Few cars in recent times have made Indian consumers wait as much as the diesel version of Honda’s best-selling sedan, the City, which was the company’s gateway into India, and had an unchallenged run in the mid-size sedan category till a few years ago. Increasing appetite for diesel’s silly economics and Honda’s weakness in that aspect, however, left the City vulnerable --- and the Hyundai Verna cashed in.
City diesel is coming next month, better late than never. Let’s look at what it brings.
The diesel version coincides with a full model change, so we will get the fourth generation City in the first week of January. Going by track record, expectations have been high. And as is so often the case, the new design is something of a letdown. Precious little is different on the outside. Dimensions are constant, just the wheelbase is slightly longer. The low ground clearance, a problem with all Honda cars, has not been touched. The dual projector headlamps are wider and sharper, while the grille gets bolder chrome accents. The rear gets a new wraparound tail lamp cluster, and an integrated spoiler edge for the boot lid. LED tail lamps are missed. Honda seems to have played safe.
The Verna exposed Honda’s weaknesses inside the cabin. Honda has addressed that handsomely. The steering wheel is from the new CR-V, and the dashboard layout is new. And there is no lack of equipment: 5-inch LCD screen with embedded rear parking camera, rear air condition vents, 8-speaker music system, four power outlets for charging gadgets, push start and stop ignition … the list is long.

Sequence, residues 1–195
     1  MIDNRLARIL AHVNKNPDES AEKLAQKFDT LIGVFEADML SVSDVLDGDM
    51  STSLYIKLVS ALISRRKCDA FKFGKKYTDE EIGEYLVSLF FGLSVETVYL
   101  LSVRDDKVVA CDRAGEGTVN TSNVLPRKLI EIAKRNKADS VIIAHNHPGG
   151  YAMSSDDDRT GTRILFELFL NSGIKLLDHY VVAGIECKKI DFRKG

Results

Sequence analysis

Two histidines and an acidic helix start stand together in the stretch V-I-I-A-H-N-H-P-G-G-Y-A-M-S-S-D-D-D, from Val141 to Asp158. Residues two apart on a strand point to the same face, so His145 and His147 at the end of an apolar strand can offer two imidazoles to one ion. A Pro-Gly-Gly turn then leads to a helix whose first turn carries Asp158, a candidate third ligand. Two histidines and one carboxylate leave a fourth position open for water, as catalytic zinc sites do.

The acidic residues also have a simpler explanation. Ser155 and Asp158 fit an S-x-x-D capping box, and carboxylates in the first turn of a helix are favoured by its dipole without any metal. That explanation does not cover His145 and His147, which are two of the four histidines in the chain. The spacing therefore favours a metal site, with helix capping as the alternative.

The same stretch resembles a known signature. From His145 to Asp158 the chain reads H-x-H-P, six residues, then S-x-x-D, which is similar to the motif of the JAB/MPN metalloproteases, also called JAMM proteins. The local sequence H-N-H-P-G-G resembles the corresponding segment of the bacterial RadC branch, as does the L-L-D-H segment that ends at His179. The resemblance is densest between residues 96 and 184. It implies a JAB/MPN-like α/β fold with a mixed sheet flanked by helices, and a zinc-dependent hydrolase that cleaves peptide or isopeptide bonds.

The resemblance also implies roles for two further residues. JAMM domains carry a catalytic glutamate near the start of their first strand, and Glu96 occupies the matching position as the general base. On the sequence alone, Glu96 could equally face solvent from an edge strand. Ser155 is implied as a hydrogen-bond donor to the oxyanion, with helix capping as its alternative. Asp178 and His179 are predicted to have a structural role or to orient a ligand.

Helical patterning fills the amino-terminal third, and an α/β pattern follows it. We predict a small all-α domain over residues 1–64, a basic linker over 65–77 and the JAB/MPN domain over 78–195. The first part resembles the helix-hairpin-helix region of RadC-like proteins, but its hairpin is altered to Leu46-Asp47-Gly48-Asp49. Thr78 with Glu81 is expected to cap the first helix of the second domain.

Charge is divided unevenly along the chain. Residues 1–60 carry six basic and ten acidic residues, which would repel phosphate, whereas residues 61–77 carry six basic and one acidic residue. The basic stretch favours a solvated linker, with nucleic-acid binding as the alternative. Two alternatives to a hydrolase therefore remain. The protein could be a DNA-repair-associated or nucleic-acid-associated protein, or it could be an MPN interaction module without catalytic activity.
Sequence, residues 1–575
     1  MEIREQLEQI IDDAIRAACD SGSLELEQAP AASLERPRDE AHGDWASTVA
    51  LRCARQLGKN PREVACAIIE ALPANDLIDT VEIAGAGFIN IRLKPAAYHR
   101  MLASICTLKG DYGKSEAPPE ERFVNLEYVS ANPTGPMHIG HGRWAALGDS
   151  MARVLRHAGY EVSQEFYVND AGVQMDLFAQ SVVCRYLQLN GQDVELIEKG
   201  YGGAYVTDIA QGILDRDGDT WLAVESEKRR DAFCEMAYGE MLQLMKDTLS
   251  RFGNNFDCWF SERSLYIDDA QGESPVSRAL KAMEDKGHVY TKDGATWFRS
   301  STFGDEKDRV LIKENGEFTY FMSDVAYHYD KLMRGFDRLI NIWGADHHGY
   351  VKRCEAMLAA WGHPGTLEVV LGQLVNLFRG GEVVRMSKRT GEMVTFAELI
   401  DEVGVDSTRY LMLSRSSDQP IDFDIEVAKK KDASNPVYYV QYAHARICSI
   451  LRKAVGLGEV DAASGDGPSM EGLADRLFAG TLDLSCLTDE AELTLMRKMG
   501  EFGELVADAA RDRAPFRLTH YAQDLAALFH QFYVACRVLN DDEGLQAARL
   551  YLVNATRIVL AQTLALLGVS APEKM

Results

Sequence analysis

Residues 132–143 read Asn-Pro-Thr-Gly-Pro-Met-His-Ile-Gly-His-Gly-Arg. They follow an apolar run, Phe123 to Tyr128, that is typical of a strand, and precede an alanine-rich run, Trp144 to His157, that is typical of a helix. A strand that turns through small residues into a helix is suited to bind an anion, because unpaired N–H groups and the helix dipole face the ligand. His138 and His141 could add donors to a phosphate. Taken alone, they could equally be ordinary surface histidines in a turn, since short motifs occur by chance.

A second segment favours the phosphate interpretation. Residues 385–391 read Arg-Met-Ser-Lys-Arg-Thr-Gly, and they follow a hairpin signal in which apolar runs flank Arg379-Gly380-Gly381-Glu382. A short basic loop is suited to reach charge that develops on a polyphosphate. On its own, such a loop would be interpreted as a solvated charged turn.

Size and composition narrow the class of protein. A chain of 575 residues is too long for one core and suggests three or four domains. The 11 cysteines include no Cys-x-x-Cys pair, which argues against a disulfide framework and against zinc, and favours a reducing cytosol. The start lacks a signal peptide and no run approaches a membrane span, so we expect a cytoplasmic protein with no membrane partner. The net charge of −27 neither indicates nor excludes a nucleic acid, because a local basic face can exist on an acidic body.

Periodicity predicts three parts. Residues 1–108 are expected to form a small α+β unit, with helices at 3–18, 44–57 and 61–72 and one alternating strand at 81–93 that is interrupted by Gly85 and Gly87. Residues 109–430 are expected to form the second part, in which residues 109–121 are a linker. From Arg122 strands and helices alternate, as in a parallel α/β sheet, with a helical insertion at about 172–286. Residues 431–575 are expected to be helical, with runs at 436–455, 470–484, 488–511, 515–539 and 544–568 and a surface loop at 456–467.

The new wheelbase gives rear seat space that Honda claims is comparable to cars that cost double.
RIDE AND HANDLING
The highlight of the car is clearly the 1.5-litre iDtec diesel engine that has made the Amaze a roaring success. But in the bigger car, it will not impress adrenaline junkies. Power and torque are identical to the Amaze at 100 PS and 200 NM; Verna’s two diesel engines and the Vento offer more grunt. What the City does give is a sorted drive, which the others don’t. A lot of work has been done to keep the motor quiet, and it has paid off. Suspension, too, has been tuned for precise handling, though this may make the ride choppy at the rear seat. For all the power it has, the Verna does not handle half as well. The 6-speed transmission is effective, and with no turbo lag, the car is fast into three-digit speeds. Only beyond 160 kph does it start to feel strained. The headline grabbing number is fuel economy: 26 kpl! In real road conditions this may fall, but the Amaze has proved that 20 kpl-plus is achievable. For a sedan, that is indeed a big deal.
It is clear that City takes forward the journey that the Amaze started. It was known that it would have the same engine, but one expected greater power and lower fuel economy. By doing the opposite, it has stumped the market. The fuel economy gives the City a huge advantage to cap the exciting cabin, the balanced ride and the peppy drive. For long, the City was the most expensive car in its class, but on January 7, we expect pricing to mirror competitors. If that happens, it is difficult to put this City down.